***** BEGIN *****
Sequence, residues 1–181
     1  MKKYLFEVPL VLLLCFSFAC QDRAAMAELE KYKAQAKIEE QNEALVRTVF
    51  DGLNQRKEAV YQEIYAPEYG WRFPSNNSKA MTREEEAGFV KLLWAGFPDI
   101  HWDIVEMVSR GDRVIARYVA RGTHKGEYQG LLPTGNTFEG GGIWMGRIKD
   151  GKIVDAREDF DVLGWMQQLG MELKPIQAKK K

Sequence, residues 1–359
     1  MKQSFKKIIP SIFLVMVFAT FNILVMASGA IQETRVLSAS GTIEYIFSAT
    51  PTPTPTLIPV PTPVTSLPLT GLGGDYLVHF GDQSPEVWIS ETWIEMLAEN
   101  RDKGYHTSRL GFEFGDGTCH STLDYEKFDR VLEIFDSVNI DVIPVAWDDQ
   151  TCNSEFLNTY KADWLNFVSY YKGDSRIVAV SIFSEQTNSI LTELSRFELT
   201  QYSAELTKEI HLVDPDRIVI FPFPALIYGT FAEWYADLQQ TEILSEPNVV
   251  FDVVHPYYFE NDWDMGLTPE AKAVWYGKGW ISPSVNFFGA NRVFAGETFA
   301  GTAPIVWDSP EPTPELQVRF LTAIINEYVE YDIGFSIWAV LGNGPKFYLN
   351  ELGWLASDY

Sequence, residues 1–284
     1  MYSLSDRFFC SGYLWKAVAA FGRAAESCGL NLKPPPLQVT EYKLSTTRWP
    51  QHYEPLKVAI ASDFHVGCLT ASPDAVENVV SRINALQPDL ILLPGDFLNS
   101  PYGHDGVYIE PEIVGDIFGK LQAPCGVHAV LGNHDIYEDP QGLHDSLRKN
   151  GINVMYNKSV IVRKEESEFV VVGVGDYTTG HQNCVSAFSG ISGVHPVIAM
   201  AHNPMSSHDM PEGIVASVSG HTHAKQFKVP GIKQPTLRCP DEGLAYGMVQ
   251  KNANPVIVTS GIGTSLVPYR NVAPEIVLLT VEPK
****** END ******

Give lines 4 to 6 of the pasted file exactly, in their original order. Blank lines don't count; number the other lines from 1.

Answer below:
   101  HWDIVEMVSR GDRVIARYVA RGTHKGEYQG LLPTGNTFEG GGIWMGRIKD
   151  GKIVDAREDF DVLGWMQQLG MELKPIQAKK K

Sequence, residues 1–359